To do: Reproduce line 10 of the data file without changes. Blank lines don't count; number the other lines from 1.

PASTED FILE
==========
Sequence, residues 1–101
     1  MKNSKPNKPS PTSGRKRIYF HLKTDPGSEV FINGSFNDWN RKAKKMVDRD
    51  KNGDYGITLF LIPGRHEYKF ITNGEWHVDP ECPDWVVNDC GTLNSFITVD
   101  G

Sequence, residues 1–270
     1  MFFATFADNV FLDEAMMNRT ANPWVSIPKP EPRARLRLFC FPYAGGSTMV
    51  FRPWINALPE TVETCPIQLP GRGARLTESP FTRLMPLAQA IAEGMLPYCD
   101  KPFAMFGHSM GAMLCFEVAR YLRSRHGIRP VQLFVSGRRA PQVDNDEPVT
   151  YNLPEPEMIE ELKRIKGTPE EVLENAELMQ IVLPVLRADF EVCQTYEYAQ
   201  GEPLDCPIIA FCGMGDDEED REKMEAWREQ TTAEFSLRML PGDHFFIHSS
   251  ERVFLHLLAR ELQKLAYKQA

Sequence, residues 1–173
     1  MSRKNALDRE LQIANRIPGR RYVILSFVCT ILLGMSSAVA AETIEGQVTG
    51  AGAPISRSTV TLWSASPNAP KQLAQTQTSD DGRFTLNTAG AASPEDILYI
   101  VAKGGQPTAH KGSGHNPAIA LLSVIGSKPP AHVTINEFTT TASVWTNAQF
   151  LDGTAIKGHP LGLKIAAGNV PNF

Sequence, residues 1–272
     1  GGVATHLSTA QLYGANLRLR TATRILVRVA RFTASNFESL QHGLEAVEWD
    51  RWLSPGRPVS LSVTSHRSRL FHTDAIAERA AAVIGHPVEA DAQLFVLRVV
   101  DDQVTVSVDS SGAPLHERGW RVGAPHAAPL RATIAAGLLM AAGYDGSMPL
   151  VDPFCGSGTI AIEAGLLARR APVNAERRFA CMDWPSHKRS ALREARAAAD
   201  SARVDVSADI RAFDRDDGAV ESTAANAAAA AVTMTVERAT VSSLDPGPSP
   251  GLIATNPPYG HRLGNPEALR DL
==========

   201  GEPLDCPIIA FCGMGDDEED REKMEAWREQ TTAEFSLRML PGDHFFIHSS